Kubernetes and containers are growing up fast, survey shows

Signs that container technology is finally ready for prime time.
Written by Joe McKendrick, Contributing Writer

Container technology was once the domain of developers. Now, IT operations people are taking control, and Kubernetes is out in front. In addition, spending on containers is up -- one in four enterprises now allocate more than $250,000 a year on these technologies. 

These are all signs that containers have entered the mainstream of enterprise IT, the authors of a recent study suggest. The survey of more than 500 IT leaders, released by Diamanti, suggests container technology has "matured dramatically in one year and moved from developer experimentation to production."  

Photo: Joe McKendrick

The most pronounced sign of the rapid maturation of container technology "is a dramatic shift in who's in the driver's seat," the report states. "In 2018, just 17 percent said that IT operations teams were driving container adoption; a year later that number has jumped to more than 35 percent. IT operations is assuming responsibility for containers from DevOps teams, developers, and application owners in many organizations." 

There also has been an increase in investment in container technology in 2019, with 38 percent of organizations spending in excess of $100,000, up from 33 percent in 2018. More than 25 percent are investing more than $250,000.

Multi-cloud and hybrid environments are naturals for containers as well, the survey shows. Containerized applications are now found across multiple environments: on-premises (45 percent), private cloud (29 percent), and public cloud (up to 37 percent). "Enterprises have clearly learned that they can run containers and Kubernetes on premises and in the public cloud; each of the three major public cloud providers support a conformant version of Kubernetes."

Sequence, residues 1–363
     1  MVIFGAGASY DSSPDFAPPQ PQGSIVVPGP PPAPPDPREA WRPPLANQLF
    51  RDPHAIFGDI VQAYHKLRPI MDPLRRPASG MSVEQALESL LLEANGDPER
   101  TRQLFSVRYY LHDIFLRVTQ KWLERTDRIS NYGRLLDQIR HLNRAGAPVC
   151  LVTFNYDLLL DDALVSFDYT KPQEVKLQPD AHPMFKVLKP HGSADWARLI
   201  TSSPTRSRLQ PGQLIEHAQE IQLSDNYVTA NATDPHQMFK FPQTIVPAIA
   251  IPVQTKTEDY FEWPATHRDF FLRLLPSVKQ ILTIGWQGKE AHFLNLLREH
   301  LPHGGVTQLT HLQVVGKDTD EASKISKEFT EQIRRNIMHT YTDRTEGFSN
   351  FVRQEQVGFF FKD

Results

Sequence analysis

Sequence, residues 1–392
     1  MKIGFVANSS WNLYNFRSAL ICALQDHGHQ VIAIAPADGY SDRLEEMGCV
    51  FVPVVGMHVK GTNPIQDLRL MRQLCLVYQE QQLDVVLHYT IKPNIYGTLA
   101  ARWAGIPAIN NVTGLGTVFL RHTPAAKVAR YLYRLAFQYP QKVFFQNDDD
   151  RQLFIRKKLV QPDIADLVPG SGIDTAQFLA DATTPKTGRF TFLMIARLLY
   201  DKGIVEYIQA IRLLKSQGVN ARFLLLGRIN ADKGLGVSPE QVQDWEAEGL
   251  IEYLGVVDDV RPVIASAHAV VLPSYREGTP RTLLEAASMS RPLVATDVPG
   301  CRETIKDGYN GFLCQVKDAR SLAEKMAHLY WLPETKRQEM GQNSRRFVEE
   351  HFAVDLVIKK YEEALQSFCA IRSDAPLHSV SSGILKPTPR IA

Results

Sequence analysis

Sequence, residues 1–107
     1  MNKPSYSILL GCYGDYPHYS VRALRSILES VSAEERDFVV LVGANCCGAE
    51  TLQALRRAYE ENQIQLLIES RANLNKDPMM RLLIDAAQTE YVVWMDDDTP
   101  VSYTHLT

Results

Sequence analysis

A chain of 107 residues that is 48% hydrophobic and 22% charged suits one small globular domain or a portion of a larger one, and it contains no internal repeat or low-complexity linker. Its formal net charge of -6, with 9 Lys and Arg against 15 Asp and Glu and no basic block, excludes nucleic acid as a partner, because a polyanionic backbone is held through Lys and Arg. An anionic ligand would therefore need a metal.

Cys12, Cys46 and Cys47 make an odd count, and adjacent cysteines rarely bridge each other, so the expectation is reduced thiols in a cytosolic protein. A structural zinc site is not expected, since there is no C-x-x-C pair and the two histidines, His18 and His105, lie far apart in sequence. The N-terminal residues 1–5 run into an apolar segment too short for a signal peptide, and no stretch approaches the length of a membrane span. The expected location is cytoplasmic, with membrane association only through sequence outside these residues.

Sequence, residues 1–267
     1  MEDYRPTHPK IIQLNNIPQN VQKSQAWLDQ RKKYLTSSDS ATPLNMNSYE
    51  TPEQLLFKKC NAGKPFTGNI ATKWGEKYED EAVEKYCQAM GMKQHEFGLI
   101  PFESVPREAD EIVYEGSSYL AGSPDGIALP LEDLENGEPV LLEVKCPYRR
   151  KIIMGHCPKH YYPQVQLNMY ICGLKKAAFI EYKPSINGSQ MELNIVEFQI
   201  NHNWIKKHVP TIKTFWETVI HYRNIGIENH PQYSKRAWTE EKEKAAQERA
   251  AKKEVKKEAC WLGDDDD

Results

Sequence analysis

Another sign that containers are entering the mainstream are in the use cases being reported, the survey authors state. "Cloud-native apps" and "lightweight stateless apps" are no longer the sole focus of IT teams -- usage has -declined of 21 percent and 14 percent respectively. This suggests enterprises "are now interested in a
broader variety of use cases, some of which clearly don't appear in the list of choices we provided." Rather, the percentage of respondents choosing "other" increased threefold, and the percentage choosing "all of the above" increased modestly. Fifteen percent also chose "big data" as a use case.  

The survey's authors also point to a shortage of skills to help with container adoption -- perhaps the ultimate sign that the technology has entered the mainstream. "The number of people reporting that the skills shortage was a major adoption inhibitor jumped from 15 percent to almost 25 percent," the survey finds. Almost 65 percent rate the skills shortage as a moderate or major adoption inhibitor.

The study's authors also talk about containers helping to reduce the "VM tax" when they run on bare metal rather than inside virtual machines. Twenty-one percent now run containers on bare metal. "In many cases, containers are deployed on top of a hypervisor largely because organizations initially lack the tools and processes to run containers on bare-metal servers. This year's survey suggests that enterprises are accelerating the adoption of bare-metal as a way to optimize their container deployments." 

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